Shortage of B.I. Talent a Critical Hurdle in Quest to Leverage Big Data

It’s no secret that, with the continuing rise of big data, organizations of all sizes are using business intelligence (B.I.) and analytics more than ever before. New and highly advanced analytical toolsets have proliferated, all of which aim to help IT teams and information management professionals sift through mountains of data.

But along with the growth of big data (which some pundits project will increase worldwide by roughly 40 percent each year) and the increased embrace of B.I. as a driver for better decision-making, another trend has presented itself: a vexing shortage of analytical human talent.

In order to realize the greatest benefits of big data and B.I., it’s critical to leverage the talents of people with deep expertise in statistical analysis. As powerful as they may be, B.I. software tools alone are not a panacea: it takes some very human skills to consume and effectively apply the results coming out of B.I. systems. And unfortunately, the present dearth of talent in this area appears likely to continue for the next few years.

A 2011 report from McKinsey & Company’s Business Technology Office predicted that demand for analytical talent in the U.S. would exceed supply by 50 to 60 percent by 2018. “There will be a shortage of talent necessary for organizations to take advantage of big data,” the report added. “The United States alone faces a shortage of 140,000 to 190,000 people with deep analytical skills as well as 1.5 million managers and analysts to analyze big data and make decisions based on their findings.”

The McKinsey report also suggested the type of deep talent required among individual data analysts is difficult to produce, oftentimes requiring years of training. Fortunately, the managers overseeing the analysts can be retrained without “years of dedicated study.”

That leaves a short-term gap for analytical talent. Companies should be looking for data analysis and statistical gurus who possess a firm understanding of business processes. Those workers have likely developed and honed their skills over years of practical experience in the field—and chances are, if you identify a strong candidate and bring them onboard, they’ll probably have a network your organization can leverage to augment your B.I. team. Look to B.I. solutions providers, too, for guidance in identifying skilled people.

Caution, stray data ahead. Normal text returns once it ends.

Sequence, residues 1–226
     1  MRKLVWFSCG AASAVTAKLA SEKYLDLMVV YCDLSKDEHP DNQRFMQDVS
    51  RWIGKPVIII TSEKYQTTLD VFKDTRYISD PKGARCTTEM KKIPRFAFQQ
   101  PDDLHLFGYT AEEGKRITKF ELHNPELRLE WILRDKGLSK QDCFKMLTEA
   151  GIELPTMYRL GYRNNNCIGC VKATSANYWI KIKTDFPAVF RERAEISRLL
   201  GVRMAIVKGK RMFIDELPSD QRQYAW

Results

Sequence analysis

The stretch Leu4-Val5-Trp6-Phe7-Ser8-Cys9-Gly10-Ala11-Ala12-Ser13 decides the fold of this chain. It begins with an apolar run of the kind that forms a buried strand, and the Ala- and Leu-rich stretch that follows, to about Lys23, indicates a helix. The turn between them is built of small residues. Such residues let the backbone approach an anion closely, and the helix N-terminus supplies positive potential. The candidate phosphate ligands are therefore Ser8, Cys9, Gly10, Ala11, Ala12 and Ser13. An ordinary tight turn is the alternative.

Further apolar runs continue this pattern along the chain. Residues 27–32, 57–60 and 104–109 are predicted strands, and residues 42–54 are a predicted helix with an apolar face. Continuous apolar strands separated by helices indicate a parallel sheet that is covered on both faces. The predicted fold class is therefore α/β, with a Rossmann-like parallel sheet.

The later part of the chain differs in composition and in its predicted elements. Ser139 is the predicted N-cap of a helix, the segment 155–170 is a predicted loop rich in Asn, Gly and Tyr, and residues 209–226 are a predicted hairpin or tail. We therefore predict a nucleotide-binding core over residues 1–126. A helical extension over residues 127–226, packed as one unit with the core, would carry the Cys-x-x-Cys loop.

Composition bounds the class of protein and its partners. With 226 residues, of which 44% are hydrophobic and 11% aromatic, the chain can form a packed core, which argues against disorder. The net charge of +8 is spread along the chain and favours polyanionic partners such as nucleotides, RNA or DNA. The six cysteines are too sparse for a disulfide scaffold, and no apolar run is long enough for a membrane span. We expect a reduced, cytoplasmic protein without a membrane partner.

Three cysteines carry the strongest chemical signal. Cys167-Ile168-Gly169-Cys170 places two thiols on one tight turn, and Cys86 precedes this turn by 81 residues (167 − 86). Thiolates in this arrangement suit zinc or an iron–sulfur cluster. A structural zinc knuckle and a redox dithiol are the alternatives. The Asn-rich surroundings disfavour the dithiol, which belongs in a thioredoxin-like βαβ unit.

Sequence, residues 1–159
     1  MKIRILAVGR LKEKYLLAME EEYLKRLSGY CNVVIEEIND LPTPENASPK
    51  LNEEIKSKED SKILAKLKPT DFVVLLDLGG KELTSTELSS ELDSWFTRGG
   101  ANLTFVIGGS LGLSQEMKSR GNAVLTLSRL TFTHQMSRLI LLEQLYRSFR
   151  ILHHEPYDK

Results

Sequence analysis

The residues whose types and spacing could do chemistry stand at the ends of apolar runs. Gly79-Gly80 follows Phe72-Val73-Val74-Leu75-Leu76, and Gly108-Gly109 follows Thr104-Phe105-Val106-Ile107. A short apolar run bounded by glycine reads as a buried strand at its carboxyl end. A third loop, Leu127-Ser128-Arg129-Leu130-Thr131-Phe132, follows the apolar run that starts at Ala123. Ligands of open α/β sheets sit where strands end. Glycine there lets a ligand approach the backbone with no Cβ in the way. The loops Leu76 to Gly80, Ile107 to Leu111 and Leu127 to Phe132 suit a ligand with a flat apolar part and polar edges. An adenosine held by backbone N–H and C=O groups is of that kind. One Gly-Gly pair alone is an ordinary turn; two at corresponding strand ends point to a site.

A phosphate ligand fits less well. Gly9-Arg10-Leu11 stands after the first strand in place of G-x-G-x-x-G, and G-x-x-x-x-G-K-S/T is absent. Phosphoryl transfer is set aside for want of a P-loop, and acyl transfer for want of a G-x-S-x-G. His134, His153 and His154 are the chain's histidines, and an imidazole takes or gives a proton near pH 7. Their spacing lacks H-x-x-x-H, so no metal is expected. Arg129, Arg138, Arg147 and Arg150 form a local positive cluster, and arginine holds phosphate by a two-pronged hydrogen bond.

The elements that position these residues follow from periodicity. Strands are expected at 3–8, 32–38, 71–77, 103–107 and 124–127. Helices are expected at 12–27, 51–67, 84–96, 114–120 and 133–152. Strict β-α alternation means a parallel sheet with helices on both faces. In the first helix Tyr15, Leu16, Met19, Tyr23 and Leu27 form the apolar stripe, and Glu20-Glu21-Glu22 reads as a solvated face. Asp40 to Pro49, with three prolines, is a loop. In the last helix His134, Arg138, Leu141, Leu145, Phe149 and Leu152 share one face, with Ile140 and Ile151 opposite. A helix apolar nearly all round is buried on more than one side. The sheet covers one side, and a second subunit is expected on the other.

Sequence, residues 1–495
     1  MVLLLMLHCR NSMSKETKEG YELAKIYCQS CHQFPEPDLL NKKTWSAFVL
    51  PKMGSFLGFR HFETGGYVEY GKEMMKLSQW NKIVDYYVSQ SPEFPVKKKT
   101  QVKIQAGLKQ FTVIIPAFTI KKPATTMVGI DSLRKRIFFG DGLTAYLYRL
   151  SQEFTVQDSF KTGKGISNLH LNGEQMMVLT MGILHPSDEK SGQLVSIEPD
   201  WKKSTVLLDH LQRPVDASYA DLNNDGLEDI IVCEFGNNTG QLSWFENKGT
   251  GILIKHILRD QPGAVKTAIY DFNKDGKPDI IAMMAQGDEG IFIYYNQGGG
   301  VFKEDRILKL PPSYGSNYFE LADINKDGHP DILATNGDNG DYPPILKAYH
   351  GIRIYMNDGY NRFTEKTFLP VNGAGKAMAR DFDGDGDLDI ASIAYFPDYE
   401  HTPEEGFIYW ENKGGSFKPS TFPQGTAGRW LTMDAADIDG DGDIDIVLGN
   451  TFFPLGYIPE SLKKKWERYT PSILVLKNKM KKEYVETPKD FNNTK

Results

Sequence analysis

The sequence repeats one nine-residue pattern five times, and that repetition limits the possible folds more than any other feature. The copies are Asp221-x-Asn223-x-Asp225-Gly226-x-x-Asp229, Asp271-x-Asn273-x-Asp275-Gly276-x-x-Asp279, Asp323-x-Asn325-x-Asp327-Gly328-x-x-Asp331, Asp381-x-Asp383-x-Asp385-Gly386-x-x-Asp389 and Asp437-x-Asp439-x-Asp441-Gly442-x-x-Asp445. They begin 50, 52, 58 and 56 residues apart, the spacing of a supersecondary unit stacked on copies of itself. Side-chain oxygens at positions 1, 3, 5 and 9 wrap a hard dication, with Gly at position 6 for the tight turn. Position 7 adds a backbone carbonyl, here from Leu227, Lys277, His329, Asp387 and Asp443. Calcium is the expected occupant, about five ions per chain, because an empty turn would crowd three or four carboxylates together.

Longer-term, tapping colleges and universities that have strong curricula in math and logic, analysis, database development and integration, programming, and business processes can open a gateway for recruiting young talent. If enough organizations follow this path, it could help convince educational institutions that such blended talent is truly desired by the business world.

It’s important to note that not all candidates will come from the IT space. Those that do, will likely need to be trained in the business processes that are inherent to a particular organization or industry. Flipping around that equation, someone who possesses business-process knowledge and analytical skills could require cross-training on the technical side of things. Lastly, your quest for the right individuals to help your organization reap the most from its B.I. endeavors will also necessitate ongoing support and buy-in from upper-level management.

As more and more companies look at big data and B.I. as competitive differentiators and drivers of revenue growth—McKinsey & Company estimates that retailers effectively maximizing big data can boost their operating margins by 60 percent, for example—finding qualified B.I. experts to leverage that data to its fullest extent needs to be as paramount as putting in place the technology infrastructure to support it.

 

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